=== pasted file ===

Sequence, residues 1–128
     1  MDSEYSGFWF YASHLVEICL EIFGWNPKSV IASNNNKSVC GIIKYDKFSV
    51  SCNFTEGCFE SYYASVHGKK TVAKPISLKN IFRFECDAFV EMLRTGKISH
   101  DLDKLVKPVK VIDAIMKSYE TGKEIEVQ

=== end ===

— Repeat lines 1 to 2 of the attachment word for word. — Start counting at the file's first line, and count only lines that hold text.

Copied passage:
Sequence, residues 1–128
     1  MDSEYSGFWF YASHLVEICL EIFGWNPKSV IASNNNKSVC GIIKYDKFSV